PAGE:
Evil Spirits : The Life of Oliver Reed Paperback
In May 1999, after a 40-year career including 100 films, Oliver Reed died, as he had invariably lived, drinking with friends while making a film - his well-reviewed performance in the blockbuster Gladiator.
Having risen through Hammer Horror films to international stardom as Bill Sykes in Oliver!, Reed became, in his own works, 'the biggest star this country has got'.
With his legendary off-screen exploits and blunt opinions - especially of his co-stars - he was also one of the most infamous.
Bestselling author Cliff Goodwin uses material from first-hand interviews with Reed's family, friends and colleagues and never before seen photographs to explore Reed's eventful career.
But he also reveals another side to this unique and complex man.
- Format: Paperback
- Pages: 336 pages, portraits
- Publisher: Ebury Publishing
- Publication Date: 05/07/2001
- Category: Films, cinema
- ISBN: 9780753505199
Showing 1 - 2 of 2 reviews.
Review by mstrust
Hard to put down. Goodwin is obviously a fan of Reed's and writes an entertaining and thorough biography of "Mr. England" from interviews with Ollie's friends, co-workers, drinking buddies, children and his widow. While Reed's reputation as a drunken womanizer is well-documented here, his empathy towards animals is surprising, as is the fact that Reed was actually a descendant of Peter the Great.Goodwin gives equal time to the good and the bad in Reed's personality. Reed could cheat on his wife, attack police officers, expose himself in public- but also come to the aid of strangers who's baby needed medical help.Reed used his celebrity to every advantage, and one has to wonder why, as a 42 year-old man, he wasn't arrested for carrying on an open affair with a 16 year-old girl. It seems that all of England was so enchanted by him that Reed could do no wrong.I do recommend this book. Love him or hate him, Reed was full of life and always interesting.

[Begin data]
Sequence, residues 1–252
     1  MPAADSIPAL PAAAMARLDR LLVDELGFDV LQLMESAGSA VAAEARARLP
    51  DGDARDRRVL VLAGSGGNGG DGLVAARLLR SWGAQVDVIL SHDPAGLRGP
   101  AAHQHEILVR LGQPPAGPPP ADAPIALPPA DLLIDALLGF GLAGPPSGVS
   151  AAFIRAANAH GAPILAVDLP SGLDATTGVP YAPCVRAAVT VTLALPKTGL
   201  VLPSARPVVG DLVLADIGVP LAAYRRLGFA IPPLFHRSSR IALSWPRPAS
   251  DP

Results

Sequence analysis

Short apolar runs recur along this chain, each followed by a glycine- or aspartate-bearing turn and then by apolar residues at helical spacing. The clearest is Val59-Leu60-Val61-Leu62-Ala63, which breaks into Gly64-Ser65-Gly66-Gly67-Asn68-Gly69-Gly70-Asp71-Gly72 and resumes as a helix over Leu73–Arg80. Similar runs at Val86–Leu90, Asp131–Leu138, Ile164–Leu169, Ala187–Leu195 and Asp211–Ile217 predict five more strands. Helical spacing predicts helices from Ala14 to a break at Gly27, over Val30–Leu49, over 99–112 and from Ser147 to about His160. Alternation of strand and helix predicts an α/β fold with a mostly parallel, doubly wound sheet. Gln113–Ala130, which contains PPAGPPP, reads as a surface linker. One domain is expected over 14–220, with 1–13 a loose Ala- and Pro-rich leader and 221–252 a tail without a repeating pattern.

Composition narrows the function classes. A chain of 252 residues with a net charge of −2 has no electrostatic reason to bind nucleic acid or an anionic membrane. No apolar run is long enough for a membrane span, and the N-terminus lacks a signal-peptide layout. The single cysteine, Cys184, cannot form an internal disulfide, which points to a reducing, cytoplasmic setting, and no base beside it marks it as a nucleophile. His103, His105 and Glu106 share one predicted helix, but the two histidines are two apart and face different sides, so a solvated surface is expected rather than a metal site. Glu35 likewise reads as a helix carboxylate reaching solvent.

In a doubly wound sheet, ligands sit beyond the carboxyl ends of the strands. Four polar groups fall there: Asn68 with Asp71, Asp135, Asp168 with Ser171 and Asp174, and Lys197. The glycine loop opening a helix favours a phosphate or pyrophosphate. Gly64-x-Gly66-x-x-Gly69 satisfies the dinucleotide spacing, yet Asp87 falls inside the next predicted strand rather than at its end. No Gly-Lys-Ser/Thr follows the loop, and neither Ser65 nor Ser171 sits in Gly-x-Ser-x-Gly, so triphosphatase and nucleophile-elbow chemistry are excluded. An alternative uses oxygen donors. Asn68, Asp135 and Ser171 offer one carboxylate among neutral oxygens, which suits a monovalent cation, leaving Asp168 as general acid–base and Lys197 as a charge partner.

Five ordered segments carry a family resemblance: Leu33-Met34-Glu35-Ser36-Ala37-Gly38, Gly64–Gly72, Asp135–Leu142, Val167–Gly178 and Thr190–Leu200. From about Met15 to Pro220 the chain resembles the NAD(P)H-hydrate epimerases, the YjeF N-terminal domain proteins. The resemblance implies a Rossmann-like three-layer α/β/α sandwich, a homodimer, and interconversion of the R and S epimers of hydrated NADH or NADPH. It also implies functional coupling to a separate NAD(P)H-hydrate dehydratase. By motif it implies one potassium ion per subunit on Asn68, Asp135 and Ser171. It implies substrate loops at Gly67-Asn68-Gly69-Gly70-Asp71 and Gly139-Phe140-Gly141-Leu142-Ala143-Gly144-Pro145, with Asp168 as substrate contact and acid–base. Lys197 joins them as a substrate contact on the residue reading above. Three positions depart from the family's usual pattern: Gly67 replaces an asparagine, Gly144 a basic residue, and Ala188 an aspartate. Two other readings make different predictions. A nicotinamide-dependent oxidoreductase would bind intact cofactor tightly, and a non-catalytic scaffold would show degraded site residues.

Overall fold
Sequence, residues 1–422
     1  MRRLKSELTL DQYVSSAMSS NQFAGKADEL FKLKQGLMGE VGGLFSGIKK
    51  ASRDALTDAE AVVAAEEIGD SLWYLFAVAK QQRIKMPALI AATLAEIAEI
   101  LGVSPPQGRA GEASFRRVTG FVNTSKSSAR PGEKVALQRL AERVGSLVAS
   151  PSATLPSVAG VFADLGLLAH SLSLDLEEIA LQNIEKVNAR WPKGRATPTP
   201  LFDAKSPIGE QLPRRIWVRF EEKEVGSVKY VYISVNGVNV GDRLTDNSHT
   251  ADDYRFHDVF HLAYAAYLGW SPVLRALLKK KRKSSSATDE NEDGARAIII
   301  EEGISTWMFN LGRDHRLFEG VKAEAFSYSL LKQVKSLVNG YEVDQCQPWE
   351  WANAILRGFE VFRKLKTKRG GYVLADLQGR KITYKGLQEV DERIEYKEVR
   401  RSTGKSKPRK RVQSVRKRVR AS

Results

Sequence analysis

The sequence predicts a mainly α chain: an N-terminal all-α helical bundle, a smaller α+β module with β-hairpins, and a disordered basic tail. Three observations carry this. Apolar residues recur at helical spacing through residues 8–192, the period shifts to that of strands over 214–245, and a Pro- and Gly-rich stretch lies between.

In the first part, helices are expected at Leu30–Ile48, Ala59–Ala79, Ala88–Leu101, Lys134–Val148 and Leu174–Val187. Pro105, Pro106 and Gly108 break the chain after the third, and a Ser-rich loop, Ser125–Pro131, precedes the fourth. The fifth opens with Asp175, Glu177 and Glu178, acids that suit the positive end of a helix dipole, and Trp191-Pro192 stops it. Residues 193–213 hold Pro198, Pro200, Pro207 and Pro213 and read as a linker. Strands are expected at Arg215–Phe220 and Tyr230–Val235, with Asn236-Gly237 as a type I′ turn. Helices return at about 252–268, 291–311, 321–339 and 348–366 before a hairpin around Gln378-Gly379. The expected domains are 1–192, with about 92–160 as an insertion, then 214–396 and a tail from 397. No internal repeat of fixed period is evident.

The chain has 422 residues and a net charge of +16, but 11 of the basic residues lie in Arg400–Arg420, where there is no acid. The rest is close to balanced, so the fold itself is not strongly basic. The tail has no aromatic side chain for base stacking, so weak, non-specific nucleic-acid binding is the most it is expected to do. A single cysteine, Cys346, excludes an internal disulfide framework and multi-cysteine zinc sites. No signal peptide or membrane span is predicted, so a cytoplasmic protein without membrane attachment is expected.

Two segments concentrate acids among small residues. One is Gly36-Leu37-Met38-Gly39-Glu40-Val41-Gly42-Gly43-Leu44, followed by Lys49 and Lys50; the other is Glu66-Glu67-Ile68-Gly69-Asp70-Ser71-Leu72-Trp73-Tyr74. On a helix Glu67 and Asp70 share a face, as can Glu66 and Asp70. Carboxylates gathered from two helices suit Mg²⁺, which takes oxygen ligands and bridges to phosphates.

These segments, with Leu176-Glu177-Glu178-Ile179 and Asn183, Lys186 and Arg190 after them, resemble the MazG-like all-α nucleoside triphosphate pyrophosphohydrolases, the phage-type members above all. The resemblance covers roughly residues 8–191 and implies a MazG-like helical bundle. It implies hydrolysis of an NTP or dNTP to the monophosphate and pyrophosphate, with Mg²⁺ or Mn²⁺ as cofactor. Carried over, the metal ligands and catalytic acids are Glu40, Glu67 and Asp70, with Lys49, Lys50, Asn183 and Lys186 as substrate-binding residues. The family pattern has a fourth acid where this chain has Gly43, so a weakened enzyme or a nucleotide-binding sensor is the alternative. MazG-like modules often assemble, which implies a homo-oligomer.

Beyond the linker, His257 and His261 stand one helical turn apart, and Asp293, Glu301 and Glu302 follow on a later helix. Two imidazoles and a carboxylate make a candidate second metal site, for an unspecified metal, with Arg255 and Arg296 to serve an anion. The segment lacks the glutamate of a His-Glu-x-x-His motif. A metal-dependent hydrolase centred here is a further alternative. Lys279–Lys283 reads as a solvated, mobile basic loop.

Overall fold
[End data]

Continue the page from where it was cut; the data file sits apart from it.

Review by DanaJean
I became interested in this book after reading a review here on librarything. (Thank you mstrust). I found the story slow going at first as Goodwin laid the groundwork of Reed's childhood. Although interesting, a bit textbooky and tedious. Dyslexic and labeled as dumb, Oliver found what he was good at--drinking, picking up beautiful women, hanging out with the guys, being a thug and rapscallion. The story started getting interesting when we see the man and the actor combine to form a blurred image. Sometimes playing a part, even in public as certain behavior is what people expected of him. Always a bit on the edge of acceptable--more often than not, clear off the edge, Reed was almost a caricature of himself. One of his favorite things to do was exposing his frank and beans. Mostly the frank. It was not unheard of for Oliver to whip his penis out to proudly show is talon-ed tattooed tallywhacker. His legendary boozing was definitely impressive in a sad sort of way; destroying pubs, restaurants and friendships in his wake, yet accepting responsibility 100%. His attitude towards women was more disappointing. Always known for his womanizing, he had a hate there for a strong woman who would challenge his masculinity or his opinions. He felt a woman was there for him to use and abuse, cook, clean, sex him up and shut up. He had 2 long term relationships; a marriage and longtime live-in girlfriend, before he found his last love well into his 40's in a 16-year-old girl. Oliver was smitten and would make sure he was out on the streets so he could wave at her as her school bus went by. I think he felt very safe with this child/woman in that she didn't challenge him in anyway. He molded her into what he wanted a woman to be. He had to be in control. I did find his sensitivity to animals and people in need quite endearing. He was the first to help and I think he felt the most normal with his animals. It wasn't above him to socialize with the hotel staff, often helping in the kitchen or behind the bar. He was a hard worker when focused and made sure to never treat someone different because of class position. Everyone was equal in his eyes. (except women.) A very odd and interesting guy to the very end. Oliver was his own worst enemy and I'm not sure he ever really enjoyed his life. I think all the crazy shenanigans were done so he could feel something besides normal which, in his mind, equaled boredom.